"The probability is very low, but we will carry out the tests. Currently, we have one horse slaughterhouse in Lithuania, which slaughters 160 horses monthly and ships the meat to Italy. Nobody in our country is interested in horsemeat and nobody is buying it," Gintautas Čereška, the deputy head of the service's Veterinary Sanitary Department, told BNS.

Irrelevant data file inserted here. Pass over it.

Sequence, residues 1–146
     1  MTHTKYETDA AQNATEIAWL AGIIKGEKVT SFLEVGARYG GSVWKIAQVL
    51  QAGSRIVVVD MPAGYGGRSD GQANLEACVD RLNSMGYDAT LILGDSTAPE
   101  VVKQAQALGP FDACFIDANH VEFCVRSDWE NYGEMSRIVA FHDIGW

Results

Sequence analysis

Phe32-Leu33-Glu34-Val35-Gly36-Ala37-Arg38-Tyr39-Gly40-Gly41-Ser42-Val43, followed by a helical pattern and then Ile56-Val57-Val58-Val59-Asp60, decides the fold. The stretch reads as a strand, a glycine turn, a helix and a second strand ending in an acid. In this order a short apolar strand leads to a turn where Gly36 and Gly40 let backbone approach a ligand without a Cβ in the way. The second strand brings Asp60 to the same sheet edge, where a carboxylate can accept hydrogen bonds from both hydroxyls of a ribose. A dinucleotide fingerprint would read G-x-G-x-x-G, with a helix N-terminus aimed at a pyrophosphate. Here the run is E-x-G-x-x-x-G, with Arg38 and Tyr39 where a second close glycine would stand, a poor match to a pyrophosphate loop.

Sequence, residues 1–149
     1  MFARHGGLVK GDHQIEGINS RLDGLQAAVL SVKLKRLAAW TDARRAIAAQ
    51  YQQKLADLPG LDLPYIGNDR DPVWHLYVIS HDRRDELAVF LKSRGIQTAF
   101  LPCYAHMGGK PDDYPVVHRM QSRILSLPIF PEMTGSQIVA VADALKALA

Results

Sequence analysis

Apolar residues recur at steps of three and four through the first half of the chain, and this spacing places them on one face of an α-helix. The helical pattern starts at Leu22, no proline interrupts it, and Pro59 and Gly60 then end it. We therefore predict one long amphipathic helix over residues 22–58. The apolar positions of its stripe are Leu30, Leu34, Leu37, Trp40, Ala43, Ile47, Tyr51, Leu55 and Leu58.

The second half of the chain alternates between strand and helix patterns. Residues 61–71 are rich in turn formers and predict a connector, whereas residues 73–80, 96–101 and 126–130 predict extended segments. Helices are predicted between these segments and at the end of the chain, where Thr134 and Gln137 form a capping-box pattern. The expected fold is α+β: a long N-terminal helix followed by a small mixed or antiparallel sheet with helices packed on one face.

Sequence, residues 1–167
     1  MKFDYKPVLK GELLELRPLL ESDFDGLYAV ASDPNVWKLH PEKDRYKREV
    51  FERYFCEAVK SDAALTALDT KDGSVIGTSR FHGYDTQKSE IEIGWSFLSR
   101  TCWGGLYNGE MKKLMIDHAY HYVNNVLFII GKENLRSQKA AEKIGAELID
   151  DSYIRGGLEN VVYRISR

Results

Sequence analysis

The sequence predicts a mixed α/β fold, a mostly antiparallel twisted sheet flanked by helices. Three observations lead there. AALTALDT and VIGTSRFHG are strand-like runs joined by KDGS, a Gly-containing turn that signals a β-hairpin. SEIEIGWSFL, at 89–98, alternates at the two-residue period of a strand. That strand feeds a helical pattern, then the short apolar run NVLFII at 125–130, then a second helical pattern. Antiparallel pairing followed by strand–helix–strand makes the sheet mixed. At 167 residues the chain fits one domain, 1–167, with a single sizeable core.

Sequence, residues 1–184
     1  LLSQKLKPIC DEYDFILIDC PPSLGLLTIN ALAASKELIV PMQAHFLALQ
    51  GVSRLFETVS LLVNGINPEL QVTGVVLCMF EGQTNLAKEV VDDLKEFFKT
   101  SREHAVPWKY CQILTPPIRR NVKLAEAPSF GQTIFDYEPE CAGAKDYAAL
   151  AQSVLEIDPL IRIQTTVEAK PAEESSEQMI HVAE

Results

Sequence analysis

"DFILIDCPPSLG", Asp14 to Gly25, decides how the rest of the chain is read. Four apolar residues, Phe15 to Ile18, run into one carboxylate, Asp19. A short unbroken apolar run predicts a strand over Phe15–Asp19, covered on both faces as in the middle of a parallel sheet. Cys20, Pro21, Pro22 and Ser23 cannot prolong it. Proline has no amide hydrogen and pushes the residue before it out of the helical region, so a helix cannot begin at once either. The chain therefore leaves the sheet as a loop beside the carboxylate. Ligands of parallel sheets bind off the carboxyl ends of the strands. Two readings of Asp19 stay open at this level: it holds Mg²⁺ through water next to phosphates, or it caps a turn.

With 97.5 percent of beef consumed in Lithuania being produced domestically, there is little likelihood of importing beef with traces of horsemeat from abroad, he added.
Amid a scandal over mislabeled horsemeat in Western Europe, the European Commission decided on Thursday that all EU member states should carry out DNA tests on beef products for traces of horsemeat.